Plaça Catalunya Penthouse
Located at the beating heart of Barcelona’s restaurant, shopping and leisure scene this penthouse apartment with surround terrace was designed by local architectural practice YLAB. The clients for the project involving the refurbishment of a former office space to accommodate a weekend home for an English couple required a sophisticated and clutter free space where efficient building services, security and interior design were all considered equally. Most of the 90 sq.m. interior consists of a single living-dining-kitchen space which is divided using furniture and screens rather than compartmentalised with partitions. The external walls, floors and ceilings are highlighted using a separate colour scheme in order to emphasise this volume within a container concept. The long axis of the apartment opens onto a 45 sq.m. private terrace which extends the living spaces outdoors and provides extraordinary views over the city’s most important public space.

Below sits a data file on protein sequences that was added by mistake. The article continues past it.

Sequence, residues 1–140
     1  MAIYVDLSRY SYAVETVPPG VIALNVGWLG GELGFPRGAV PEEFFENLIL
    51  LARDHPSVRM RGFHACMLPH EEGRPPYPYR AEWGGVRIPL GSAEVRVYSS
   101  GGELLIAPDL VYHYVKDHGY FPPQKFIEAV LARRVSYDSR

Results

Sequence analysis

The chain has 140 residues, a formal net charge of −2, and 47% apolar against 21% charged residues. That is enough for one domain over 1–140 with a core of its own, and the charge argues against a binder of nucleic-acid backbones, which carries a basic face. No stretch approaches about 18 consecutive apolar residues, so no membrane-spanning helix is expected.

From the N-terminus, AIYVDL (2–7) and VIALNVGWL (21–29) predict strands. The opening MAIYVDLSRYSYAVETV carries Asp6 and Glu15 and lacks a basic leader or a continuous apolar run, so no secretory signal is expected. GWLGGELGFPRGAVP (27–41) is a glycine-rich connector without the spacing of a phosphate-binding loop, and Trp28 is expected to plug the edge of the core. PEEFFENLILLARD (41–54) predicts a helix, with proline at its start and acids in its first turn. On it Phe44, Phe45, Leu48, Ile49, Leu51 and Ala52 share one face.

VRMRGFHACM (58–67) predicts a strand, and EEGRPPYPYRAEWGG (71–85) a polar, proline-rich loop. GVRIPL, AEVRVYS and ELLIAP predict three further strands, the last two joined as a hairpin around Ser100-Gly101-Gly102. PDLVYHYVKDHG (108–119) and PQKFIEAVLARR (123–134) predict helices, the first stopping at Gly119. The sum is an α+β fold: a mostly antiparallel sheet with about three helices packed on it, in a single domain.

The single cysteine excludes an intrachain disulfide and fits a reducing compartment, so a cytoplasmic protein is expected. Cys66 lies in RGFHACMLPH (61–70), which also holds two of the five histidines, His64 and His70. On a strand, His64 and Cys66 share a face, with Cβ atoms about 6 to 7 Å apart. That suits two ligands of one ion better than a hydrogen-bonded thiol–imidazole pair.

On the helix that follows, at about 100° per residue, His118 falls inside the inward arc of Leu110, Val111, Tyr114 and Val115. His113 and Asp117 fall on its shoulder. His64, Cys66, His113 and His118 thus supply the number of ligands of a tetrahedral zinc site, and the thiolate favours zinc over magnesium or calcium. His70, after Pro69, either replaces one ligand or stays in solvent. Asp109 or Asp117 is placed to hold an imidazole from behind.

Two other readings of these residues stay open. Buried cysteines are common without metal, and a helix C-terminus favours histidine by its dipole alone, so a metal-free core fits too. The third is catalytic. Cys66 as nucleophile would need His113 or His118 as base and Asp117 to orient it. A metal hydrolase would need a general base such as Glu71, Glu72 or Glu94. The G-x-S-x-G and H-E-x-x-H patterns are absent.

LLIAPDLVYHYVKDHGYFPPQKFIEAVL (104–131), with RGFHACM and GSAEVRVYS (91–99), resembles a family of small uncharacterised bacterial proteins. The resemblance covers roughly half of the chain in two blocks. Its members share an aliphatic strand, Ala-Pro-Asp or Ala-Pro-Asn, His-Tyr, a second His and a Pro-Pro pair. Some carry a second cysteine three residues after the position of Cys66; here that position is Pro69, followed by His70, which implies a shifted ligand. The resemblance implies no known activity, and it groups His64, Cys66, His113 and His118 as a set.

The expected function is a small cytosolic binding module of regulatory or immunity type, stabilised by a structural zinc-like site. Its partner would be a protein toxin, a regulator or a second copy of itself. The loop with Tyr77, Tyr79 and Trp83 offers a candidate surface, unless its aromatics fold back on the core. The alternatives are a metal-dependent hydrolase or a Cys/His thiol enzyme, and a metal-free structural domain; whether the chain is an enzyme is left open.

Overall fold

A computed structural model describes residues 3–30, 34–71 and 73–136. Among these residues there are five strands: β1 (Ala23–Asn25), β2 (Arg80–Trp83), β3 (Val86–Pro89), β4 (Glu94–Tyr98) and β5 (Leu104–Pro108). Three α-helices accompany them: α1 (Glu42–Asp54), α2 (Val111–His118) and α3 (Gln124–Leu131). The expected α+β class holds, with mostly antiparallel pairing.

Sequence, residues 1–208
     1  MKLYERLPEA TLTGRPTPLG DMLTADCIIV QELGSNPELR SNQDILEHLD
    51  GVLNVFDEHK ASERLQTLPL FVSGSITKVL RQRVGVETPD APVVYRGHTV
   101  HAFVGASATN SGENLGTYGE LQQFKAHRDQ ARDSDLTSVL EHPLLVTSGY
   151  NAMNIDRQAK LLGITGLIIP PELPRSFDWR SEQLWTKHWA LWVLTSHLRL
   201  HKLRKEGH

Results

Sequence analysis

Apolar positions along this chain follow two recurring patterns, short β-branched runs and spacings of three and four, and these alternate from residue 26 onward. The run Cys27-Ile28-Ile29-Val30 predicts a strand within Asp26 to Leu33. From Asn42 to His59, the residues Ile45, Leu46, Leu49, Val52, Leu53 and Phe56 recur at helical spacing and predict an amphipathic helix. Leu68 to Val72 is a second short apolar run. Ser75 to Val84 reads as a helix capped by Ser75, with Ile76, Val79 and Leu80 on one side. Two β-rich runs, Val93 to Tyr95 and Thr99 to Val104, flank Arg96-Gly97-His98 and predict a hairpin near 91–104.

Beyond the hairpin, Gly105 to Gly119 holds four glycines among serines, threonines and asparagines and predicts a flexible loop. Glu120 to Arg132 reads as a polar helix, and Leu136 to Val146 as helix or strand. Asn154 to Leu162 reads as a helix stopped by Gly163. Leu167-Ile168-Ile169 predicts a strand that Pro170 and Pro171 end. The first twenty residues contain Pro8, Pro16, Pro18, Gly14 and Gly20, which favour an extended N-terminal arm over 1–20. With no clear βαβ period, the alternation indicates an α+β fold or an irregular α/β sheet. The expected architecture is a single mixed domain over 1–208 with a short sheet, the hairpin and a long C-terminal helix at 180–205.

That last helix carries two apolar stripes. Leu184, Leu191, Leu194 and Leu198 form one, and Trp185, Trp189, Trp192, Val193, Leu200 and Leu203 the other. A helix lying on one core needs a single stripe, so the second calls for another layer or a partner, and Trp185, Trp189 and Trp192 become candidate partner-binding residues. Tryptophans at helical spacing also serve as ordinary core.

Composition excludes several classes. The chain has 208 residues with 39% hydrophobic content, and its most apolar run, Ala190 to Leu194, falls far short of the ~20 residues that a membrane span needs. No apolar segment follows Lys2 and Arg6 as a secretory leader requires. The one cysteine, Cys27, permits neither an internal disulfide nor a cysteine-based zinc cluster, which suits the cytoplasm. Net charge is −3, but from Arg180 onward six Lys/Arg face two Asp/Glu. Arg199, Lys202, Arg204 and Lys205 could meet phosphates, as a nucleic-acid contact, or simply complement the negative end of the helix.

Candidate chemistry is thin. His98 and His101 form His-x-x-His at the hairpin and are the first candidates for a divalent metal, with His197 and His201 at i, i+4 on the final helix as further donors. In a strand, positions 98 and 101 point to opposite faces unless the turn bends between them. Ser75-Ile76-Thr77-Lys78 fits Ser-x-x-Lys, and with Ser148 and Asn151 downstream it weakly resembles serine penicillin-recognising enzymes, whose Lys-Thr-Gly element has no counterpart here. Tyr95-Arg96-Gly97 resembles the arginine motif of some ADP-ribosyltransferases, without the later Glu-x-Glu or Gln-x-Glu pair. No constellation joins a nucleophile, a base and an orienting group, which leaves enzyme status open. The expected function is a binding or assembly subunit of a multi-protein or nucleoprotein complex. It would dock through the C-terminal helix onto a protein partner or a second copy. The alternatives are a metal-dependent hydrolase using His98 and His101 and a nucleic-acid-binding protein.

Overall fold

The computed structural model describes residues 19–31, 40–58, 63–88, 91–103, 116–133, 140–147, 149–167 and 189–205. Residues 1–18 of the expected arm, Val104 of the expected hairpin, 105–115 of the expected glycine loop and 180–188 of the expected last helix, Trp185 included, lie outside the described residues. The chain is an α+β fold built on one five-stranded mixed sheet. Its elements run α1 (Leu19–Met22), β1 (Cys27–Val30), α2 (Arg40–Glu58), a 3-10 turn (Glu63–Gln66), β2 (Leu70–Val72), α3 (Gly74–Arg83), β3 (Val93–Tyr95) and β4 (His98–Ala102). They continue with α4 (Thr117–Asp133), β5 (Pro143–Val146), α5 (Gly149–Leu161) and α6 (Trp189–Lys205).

In order to achieve the most efficient and natural interior comfort conditions, avoiding hot and cold air currents, the apartment uses the Movinord system which involves a network of pipes built into the floors and walls with running water that both heats and cools the apartment when required. Individual spaces can be controlled separately. The apartment is also entirely automated and can be supervised and programmed remotely via computer or any mobile device.
The linear configuration of the space is divided into discreet zones
Security was also an important consideration for the clients given the periodic occupation, with a total of 6 layers of defence including movement sensors, infrared cameras and dual connection alarm. Nonetheless all these functional elements are secondary to the actual space and its understated luxury and practical comfort.
Moving screens are used instead of partitions to define the programme
Spaces can be opened or closed depending on the time of day
The 45 sq.m. terrace has views directly over the Plaza Catalunya
- Tobias Laarmann y Yolanda Yuste López
- photos: Stephan Zaehring Mides